We all want there to be aliens. Green ones, pink ones, brown ones, Greys. Or maybe Vulcans, Klingons, even a being of pure energy. Any type will do.
That’s why whenever a mysterious signal or energetic fluctuation arrives from somewhere in the cosmos and hits one of our many telescopes, headlines erupt across the media: “Have We Finally Detected An Alien Signal?” or “Have Astronomers Discovered An Alien Megastructure?” But science-minded people know that we’re probably getting ahead of ourselves.
Skepticism still rules the day when it comes to these headlines, and the events that spawn them. That’s the way it should be, because we’ve always found a more prosaic reason for whatever signal from space we’re talking about. But, being skeptical is a balancing act; it doesn’t mean being dismissive.
What we’re talking about here is a study from E.F. Borra and E. Trottier, two astronomers at Laval University in Canada. Their study, titled “Discovery of peculiar periodic spectral modulations in a small fraction of solar type stars” was published in the Publications of the Astronomical Society of the Pacific.
The two astronomers used data from the Sloan Digital Sky Survey, and analyzed the spectra of 2.5 million stars. Of all those stars, they found 234 stars that are producing a puzzling signal. That’s only a tiny percentage. And, they say, these signals “have exactly the shape of an ETI signal” that was predicted in a previous study by Borra.
Prediction is a key part of the scientific method. If you develop a theory, your theory looks better and better the more you can use it to correctly predict some future events based on it. Look how many times Einstein’s predictions based on Relativity have been proven correct.
The 234 stars in Borra and Trottier’s study aren’t random. They’re “overwhelmingly in the F2 to K1 spectral range” according to the abstract. That’s significant because this is a small range centred around the spectrum of our own Sun. And our own Sun is the only one we know of that has an intelligent species living near it. If ours does, maybe others do too?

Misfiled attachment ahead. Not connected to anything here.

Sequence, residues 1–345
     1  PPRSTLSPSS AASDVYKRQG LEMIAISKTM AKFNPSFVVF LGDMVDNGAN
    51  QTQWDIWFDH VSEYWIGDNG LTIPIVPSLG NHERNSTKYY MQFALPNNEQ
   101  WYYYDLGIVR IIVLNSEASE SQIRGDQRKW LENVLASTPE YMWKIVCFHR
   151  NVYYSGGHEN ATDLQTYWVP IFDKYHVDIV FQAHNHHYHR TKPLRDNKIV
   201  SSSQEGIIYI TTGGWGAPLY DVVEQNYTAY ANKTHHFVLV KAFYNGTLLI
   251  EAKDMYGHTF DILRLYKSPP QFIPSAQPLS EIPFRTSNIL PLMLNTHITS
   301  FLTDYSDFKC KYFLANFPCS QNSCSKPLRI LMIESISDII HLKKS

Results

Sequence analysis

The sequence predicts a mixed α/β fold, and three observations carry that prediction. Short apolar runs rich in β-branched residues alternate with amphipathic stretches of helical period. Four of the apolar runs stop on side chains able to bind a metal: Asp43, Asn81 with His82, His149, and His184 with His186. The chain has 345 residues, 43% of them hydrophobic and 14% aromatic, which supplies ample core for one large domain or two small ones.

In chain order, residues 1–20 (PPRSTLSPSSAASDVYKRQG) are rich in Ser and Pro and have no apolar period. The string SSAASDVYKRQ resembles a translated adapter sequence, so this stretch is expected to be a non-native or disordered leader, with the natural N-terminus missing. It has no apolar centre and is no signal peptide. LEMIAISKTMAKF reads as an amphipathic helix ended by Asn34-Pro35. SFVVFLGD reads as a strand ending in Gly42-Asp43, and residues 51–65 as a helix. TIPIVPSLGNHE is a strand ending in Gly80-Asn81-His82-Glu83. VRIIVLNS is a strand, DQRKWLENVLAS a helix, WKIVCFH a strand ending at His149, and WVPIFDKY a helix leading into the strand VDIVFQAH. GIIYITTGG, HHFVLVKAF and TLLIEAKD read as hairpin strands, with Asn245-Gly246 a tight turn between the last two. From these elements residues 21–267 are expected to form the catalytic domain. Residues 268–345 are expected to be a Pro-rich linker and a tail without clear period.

The authors acknowledge five potential causes of their findings: instrumental and data reduction effects, rotational transitions in molecules, the Fourier transform of spectral lines, rapid pulsations, and finally the ETI signal predicted by Borra (2012). They dismiss molecules or pulsations as causes, and they deem it highly unlikely that the signals are caused by the Fourier analysis itself. This leaves two possible sources for the detected signals. Either they’re a result of the Sloan instrument itself and the data reduction, or they are in fact a signal from extra-terrestrial intelligences.
The detected signals are pulses of light separated by a constant time interval. These types of signals were predicted by Borra in his 2012 paper, and they are what he and Trottier set out to find in the Sloan data. It may be a bit of a red flag when scientist’s find the very thing they predicted they would find. But Trottier and Borra are circumspect about their own results.
As the authors say in their paper, “Although unlikely, there is also a possibility that the signals are due to highly peculiar chemical compositions in a small fraction of galactic halo stars.” It may be unlikely, but lots of discoveries seem unlikely at first. Maybe there is a tiny subset of stars with chemical peculiarities that make them act in this way.
To sum it all up, the two astronomers have found a tiny number of stars, very similar to our own Sun, that seem to be the source of pulsed signals. These signals are the same as predicted if a technological society was using powerful lasers to communicate with distant stars.
We all want there to be aliens, and maybe the first sign of them will be pulsed light signals from stars like our own Sun. But it’s all still very preliminary, and as the authors acknowledge, “…at this stage, this hypothesis needs to be confirmed with further work.”
That further work is already being planned by the Breakthrough Listen Initiative, a project that searches for intelligent life in the cosmos. They plan to use the Automated Planet Finder telescope at the Lick Observatory to further observe some of Borra’s 234 stars.
The Breakthrough team don’t seem that excited about Borra’s findings. They’ve already poured cold water on it, trotting out the old axiom that “Extraordinary claims require extraordinary evidence” in a statement on Borra’s paper. They also give Borra’s findings a score of 0 to 1 on the Rio Scale. The Rio Scale is something used by the international SETI community to rank detections of phenomena that could indicate advanced life beyond Earth. A rating of 0 to 1 means its insignificant.
Better reign in the headline writers.